Molecular managers call the shots

molecular_society

Scientists are finding that on a molecular level organisms often function like social institutions. Some employ a military-like chain of command while in others important decisions are made by genetic middle managers. The more complex the organism, the less autocratic and more democratic the biological networks appear to be. In most cases, interactions between middle managers are more critical than actions from the “boss.”

YALE (US)—Similar to the way things work in social hierarchies, some molecular organisms give orders and some carry them out.

Knowing these organizational rules will help understand biological systems and social interactions, says Mark Gerstein, A.L. Williams professor of biomedical informatics, molecular biophysics, and biochemistry and computer science, at Yale University.

Gerstein analyzed the regulatory networks of five diverse species, from E. coli to human, and rearranged them into broad leveled hierarchies, including “master regulators,” “middle managers,” and “workhorses.”

In most organisms, he says, master regulators control the activity of middle managers, which in turn govern suites of workhorse genes that carry out instructions for making proteins.

Details of the study were published online in the Proceedings of the National Academy of Sciences.

As a general rule, the more complex the organism, the less autocratic and more democratic the biological networks appear to be, Gerstein says.

In both biological systems and corporate structures, interactions between middle managers are often more critical to functioning than actions by bosses.

“If my department chair takes another job, the emphasis of my lab might change, but it will survive,” Gerstein explains. “But if my systems administrator leaves, my lab dies.”

In simple “autocratic” organisms such as E. coli, there tends to be a chain of command in which regulatory genes act like generals, and subordinate molecules “downstream” follow a single superior’s instructions.

But in more complex “democratic” organisms, most of these subordinate genes co-regulate biological activity, in a sense sharing information and collaborating in governance.

Organisms that have both qualities are deemed “intermediate.”

The interactions in more democratic hierarchies lead to mutually supporting partnerships between regulators than in autocratic systems, where if one gene is inactivated, the system tends to collapse.

This is why Gerstein and colleagues in earlier work found that when they knocked out a master regulating gene in a complex organism, the “effects were more global, but softer” than when a key middle manager gene in a simpler life form was inactivated, which led to the death of the organism.

“Regulators in more complex species demonstrate a highly collaborative nature. We believe that these are due to the size and complexity of these genomes.”

As an example, Gerstein says about 250 master regulators in yeast have 6,000 potential targets, a ratio of about one to 25, compared with humans, in which 20,000 targets are regulated by about 2,000 genes, a ratio of one to 10.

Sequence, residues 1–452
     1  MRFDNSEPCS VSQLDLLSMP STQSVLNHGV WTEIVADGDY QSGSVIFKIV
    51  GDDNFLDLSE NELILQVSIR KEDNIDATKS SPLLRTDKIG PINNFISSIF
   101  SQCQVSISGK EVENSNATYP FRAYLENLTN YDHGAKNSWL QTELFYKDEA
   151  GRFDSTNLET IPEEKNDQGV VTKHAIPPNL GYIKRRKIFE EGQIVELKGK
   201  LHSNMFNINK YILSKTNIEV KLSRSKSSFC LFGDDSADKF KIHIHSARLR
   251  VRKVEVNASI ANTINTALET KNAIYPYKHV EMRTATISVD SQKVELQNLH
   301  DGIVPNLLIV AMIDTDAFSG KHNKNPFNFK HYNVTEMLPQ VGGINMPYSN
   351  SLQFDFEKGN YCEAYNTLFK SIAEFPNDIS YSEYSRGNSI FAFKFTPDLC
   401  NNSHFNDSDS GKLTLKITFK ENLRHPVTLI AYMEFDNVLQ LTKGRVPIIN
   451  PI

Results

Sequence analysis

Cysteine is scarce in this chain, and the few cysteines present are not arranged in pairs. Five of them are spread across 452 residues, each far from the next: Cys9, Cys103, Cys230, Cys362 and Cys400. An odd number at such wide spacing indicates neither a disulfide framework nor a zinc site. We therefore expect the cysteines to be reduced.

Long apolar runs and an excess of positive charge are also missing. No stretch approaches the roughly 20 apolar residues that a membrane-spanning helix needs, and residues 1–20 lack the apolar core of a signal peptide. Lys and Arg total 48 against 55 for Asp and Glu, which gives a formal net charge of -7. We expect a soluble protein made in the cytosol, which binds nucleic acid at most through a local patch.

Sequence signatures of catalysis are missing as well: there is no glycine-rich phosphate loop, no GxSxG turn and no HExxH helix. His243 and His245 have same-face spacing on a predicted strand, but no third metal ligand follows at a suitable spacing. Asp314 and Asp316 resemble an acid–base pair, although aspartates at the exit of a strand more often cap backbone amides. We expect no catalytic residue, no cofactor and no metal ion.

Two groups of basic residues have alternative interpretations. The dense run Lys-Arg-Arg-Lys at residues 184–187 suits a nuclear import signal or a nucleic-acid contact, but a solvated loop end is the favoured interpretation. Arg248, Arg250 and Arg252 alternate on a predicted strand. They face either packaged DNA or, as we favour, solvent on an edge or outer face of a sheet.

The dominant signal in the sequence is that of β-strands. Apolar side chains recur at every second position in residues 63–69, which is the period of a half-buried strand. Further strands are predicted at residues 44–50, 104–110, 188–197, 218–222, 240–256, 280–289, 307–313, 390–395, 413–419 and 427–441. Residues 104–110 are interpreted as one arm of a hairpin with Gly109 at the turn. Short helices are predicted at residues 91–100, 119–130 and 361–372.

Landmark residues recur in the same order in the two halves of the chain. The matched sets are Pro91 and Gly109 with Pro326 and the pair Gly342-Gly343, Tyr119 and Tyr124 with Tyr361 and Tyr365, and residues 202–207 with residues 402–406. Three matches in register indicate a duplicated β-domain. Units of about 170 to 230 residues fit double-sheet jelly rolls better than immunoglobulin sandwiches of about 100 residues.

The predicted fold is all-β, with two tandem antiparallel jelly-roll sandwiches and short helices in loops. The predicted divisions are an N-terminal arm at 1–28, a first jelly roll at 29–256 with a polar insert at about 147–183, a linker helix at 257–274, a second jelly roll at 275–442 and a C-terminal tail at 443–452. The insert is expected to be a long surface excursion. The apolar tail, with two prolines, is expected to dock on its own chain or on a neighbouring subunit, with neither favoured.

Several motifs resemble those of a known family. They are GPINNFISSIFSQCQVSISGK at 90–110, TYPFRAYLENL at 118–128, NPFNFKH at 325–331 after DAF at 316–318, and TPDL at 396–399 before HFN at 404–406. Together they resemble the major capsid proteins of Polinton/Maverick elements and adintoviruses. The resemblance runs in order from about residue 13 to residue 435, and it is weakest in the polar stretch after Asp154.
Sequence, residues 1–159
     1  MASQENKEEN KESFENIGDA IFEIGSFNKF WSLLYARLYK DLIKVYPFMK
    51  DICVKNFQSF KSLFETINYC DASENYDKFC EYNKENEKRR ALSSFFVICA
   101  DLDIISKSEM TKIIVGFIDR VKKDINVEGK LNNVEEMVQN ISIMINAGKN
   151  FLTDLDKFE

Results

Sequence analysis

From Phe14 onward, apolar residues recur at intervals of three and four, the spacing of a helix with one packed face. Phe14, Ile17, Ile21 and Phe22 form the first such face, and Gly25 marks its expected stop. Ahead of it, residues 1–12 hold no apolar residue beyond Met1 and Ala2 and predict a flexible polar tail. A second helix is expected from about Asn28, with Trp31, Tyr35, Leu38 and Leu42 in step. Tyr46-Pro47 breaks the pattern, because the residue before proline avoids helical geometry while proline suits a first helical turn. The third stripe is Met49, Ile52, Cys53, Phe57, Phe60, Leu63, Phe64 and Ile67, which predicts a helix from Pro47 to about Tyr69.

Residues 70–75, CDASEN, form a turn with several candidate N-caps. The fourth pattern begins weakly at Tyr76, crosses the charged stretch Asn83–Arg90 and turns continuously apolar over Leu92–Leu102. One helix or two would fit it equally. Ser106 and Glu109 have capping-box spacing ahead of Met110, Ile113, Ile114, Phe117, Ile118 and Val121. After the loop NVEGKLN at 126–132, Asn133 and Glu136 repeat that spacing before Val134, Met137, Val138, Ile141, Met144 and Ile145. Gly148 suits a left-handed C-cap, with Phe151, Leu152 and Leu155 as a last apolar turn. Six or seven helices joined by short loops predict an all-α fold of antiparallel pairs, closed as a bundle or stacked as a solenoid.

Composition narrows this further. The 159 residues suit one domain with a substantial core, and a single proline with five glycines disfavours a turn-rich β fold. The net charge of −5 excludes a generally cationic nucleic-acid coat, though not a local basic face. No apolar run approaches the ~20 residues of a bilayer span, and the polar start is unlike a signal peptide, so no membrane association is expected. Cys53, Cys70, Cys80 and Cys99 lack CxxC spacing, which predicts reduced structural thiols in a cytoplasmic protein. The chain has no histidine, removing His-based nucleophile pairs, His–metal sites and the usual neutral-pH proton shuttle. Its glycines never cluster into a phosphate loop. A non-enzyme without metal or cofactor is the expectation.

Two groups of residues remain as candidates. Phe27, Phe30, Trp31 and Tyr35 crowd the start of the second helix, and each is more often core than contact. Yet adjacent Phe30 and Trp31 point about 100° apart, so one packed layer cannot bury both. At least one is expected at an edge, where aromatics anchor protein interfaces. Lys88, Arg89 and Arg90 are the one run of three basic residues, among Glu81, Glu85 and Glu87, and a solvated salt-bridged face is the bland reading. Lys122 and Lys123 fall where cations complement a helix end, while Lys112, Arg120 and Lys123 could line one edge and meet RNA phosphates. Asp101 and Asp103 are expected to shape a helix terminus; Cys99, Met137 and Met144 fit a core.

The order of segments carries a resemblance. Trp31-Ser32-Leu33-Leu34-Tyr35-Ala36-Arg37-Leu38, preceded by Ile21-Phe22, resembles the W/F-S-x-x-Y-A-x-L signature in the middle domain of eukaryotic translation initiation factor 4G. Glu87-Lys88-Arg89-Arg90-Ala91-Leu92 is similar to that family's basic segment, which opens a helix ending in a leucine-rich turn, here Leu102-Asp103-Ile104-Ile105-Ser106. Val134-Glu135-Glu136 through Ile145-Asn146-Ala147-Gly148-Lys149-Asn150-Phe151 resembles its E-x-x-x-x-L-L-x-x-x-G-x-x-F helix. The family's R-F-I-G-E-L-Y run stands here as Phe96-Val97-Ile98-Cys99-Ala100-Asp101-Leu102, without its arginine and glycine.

Yale University news: http://opa.yale.edu/

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4 Comments

  1. Frances Morey

    Very interesting. My emphasis is on hydration. All chemical reactions take place in a liquid matrix. If the person is dehydrated many critical reactions won’t proceed. I drink two quarts of herbal tea a day–seems to serve me well. I consider it essence of vegetation containing minute quantities of unknown enzymes that further the ends of the body’s chemical business.

  2. Walter Park

    “Interesting!” as my high school English teacher would say before she said, “However…”

    But i’m surprised at the heavy anthropomorphization. Molecules don’t have bosses, systems administrators, or ‘democracies.’ Why make that stretch?

    I’m happy enough with the mathematical elegance of the interactions.

    There seems to be some sort of backward rationale: not to make the phenomena easier to understand (The one chart included here tells it clearly, i don’t need arrows to be called managers to get it), but to imply the reverse: ‘democracy’ is more sophisticated than autocracy? Don’t need that either.

    Today’s April 1. If you’re just having fun, well, fine!!
    And i’m sure your non-critical-path department chair will keep that in mind while she works on next year’s budget!

  3. Roy Niles

    My guess would be it’s more of an assessment process than administrative, with the hierarchy involving the optional choice steps in the strategic scaffolding.

  4. Jim White

    enviornment and experience squard, the molecular mangers goes from a 5yr old cowboy to capes and swords as a uniform of bouhood to a 18 year old warrior camouflaged, banadanns and rifle, say in the USMC culture to a 25 year old husband king of castle with his princess he travels in quest along with culture to a 60 year old wise old sage granddad as a culture…and is it the same manager during this journey? is it the same demoracy supervising molecular in this journey? is it the same wisdom molecular the whole of ones experience? Or do the molecular change as the journey changes the person in a growth of enviornments and experiences, so squared? Since men “long” do these moleculars spark longings? and change positions? Is it the molecular that heals first or is its one’s mental spirit that heals a wound firstly? Is the molecular the holloween costume or the idenitity? …fasinating…

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